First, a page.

[-empyre-] the virus, tactics of nonexistence, political love

Zach Blas zachblas at gmail.com
Thu Nov 12 15:34:42 EST 2009

i’d like to follow up my post from yesterday and flesh out a bit more
on a politics of the imperceptible and its possible relations to viral
tactics and aesthetics in political art practices.

as i previously pointed out, in “the exploit,” galloway and thacker
write that “future avant-garde practices will be those of
nonexistence.” This statement is in response to their question: “how
does one develop techniques and technologies to make oneself
unaccounted for?” They outline possible answers in their “tactics of
nonexistence.” For them, nonexistence is not an absence but a fullness
only to be found within the abilities to be a nonrepresentable
identity. G&T build off of Agamben here. In “The Coming Community,”
Agamben writes, “A being radically devoid of any representable
identity would be absolutely irrelevant to the State.” So,
nonexistence is the mode or function to escape or avoid sovereign
control—not as an outside, some excluded fantasyland, but as a
full-outside that is within.

i would like to connect this back to G&T’s point about the virus--that
it is “illegible and incalculable.” Queer Technologies is attempting
to think about viralities in relation to a tactics of nonexistence. I
would be excited to hear thoughts and provocations around what the
joining of the virus and nonexistence in this context could offer
toward developing tactics, aesthetics, and various interventions.

in his book “the laws of cool,” alan liu attempts to articulate a
viral aesthetics through his notion of destructive creativity: a
creativity that goes “beyond the new picturesque of mutation and
mixing to the ultimate form of such mutation and mixing: what may be
called the new sublime of ‘destruction.’ [. . .] the critical inverse
of the mainstream ideology of creative destruction [. . . a] viral
aesthetics.” (How) Does destruction fit in to viral nonexistent

Something about being devoid of a representable identity brings the
face to mind. Queer Technologies is in development now on a project
loosely named Fag Face, which deals precisely with these issues of
nonexistence, escape, and evasion in relation to powerful / sovereign
claims made upon the face. I would just like to share some words on
Deleuze and faciality (of course, keeping in mind Jussi Parikka:
“virsus, too, have faces.”)

Deleuze: “to the point that if human beings have a destiny, it is
rather to escape the face, to dismantle the face and facializations,
to become imperceptible, to become clandestine [. . .] by strange true
becomings that [. . .] make faciality traits themselves finally elude
the organization of the face.” Yet, one must know the organization of
the face before dismantling: “Know them, know your faces; it is the
only way you will be able to dismantle them and draw your lines of
flight.” Suggested nonexistent dismantlings of G&T, such as nonaction,
pointless desertions, unmeasurable or not-yet-measurable human traits,
configure against the technologies of the face that must be known.
These tactics, therefore, hinge upon a not-knowing, which implies a
race of speed—for who will have the means (be they technical,
financial, social, etc.) to develop such practices first and force the
foe to not-know? When Galloway and Thacker write that “the bland, the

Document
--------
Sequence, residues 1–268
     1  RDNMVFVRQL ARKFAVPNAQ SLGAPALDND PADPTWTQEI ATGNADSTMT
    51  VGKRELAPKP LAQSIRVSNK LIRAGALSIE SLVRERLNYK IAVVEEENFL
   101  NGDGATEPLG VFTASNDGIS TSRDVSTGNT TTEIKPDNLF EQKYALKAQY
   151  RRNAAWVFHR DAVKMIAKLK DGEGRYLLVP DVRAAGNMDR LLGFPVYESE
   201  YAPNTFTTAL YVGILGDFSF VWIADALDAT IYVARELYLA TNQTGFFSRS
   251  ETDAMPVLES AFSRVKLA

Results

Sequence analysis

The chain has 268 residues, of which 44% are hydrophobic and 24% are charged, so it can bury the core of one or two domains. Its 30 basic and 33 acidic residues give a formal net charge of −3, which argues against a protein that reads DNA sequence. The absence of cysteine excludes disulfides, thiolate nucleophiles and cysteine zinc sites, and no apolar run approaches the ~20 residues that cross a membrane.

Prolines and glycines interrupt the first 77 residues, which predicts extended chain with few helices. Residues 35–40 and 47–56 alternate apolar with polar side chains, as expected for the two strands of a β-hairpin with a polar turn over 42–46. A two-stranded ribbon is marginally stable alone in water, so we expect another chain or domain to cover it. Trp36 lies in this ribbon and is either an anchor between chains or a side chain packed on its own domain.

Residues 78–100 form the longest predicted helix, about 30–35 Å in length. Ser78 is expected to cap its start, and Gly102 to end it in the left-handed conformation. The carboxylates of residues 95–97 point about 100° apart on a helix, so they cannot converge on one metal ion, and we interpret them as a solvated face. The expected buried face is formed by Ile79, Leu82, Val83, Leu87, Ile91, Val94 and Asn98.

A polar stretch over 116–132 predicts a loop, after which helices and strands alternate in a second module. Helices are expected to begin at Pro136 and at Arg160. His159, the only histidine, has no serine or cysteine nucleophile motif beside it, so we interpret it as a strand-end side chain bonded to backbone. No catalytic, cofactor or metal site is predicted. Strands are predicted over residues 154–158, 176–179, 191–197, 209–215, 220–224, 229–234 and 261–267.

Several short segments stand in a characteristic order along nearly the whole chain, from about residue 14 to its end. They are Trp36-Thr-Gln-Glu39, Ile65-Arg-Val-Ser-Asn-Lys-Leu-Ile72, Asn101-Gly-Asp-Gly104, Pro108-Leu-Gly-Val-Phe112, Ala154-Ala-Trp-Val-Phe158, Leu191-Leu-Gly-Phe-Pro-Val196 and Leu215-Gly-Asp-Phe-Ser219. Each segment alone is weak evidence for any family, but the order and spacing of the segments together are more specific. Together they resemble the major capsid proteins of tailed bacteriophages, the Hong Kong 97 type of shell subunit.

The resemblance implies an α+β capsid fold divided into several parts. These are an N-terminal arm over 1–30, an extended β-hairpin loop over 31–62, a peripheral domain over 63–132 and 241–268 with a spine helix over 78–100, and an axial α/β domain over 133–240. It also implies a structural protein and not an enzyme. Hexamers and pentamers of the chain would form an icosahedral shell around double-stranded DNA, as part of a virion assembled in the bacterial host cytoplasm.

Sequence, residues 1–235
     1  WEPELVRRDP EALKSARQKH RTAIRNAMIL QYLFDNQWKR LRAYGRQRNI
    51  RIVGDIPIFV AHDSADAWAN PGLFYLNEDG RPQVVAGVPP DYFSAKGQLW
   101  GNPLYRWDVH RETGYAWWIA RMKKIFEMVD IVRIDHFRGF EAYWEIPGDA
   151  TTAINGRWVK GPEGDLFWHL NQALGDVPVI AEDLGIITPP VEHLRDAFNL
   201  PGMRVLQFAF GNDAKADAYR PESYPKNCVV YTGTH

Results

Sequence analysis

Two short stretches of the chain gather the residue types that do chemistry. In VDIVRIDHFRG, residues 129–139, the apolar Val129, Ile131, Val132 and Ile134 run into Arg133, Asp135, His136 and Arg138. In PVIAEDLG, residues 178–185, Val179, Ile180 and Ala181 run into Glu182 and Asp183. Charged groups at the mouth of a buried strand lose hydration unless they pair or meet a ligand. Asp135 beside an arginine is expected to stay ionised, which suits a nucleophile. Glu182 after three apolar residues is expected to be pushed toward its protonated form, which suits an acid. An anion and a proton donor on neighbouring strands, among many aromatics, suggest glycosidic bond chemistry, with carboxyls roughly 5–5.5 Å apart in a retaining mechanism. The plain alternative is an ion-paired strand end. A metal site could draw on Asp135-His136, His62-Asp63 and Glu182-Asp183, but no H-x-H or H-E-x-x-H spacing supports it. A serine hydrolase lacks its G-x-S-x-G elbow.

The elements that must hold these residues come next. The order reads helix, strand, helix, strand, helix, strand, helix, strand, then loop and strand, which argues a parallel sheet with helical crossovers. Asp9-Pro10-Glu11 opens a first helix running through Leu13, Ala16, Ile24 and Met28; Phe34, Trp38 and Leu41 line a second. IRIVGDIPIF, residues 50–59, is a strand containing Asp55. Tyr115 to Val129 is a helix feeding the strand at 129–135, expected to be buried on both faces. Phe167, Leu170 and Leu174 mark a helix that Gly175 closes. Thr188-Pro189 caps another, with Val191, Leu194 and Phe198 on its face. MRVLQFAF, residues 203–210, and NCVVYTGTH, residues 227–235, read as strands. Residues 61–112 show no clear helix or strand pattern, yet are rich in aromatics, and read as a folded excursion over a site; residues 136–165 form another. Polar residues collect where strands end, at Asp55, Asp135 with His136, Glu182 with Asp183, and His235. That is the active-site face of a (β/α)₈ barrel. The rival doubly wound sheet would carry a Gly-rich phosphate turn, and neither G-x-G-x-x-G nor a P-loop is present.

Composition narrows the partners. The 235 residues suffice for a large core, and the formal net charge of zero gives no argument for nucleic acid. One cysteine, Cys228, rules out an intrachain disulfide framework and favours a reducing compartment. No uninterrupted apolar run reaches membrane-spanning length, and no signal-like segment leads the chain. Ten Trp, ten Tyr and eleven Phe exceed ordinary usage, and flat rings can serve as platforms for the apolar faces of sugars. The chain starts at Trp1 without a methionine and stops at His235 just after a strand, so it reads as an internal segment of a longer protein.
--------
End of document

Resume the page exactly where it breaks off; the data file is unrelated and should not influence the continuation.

negligible, the featureless are its only evident traits,” it is the
“de-facement” brought by a not-knowing that construes these traits as

Crucially, for them, nonexistence is constituted by a politics of
love. Indeed, they call nonexistence “the purest form of love.” Thus,
as tactics that are sutured to an avant-garde—that is, a front of the
line of technique, nonexistence locates us within a precarious bind,
for if the purest form of love is to be found within a tactics that
many may well not have the means or technique to perform, what are the
feasibilities of nonexistence (and therefore, of this love)? Which
faciality will be able to perfect its nonexistence and proliferate its
own form of pure love? While nonexistence is the “compassion” that
abets the escaping of face, can people escape the face of the
sovereign or does the sovereign subsume the people into its faciality
machine—its own “compassion”?

For Galloway and Thacker, pure love seems to stem for a notion of
political love, which qualifies the tactics of nonexistence as an act
excluded from the sovereign. Michael Hardt writes that love as a
political concept, in a passionate fusing of the personal and the
political, binds us to transformative operations of reason that extend
beyond rationality yet hold us within a training or disciplining. In
opposition to political love, Hardt notes that evil is this type of
love gone bad, the destruction of love as a political concept. While
political love produces joy in the construction of difference, evil
distorts and blocks. The logic of the sovereign denies itself the
obtainability of political love, leaving it to reside somewhere in the
bad love of evil.

Can the tactics of nonexistence be enacted both as the trick of
sovereign evil and as force of the people nonexisting for love? How do
/ can we work with this?

I share these thoughts not because Queer Technologies or myself think
they are necessarily the best approaches, but these ideas, tactics,
and calls to action seem to link up in many fascinating ways to
questions of the viral as well as the feasibility of being able to put
this to practice?

Is the viral what can allow us to hack into this nonexistence?

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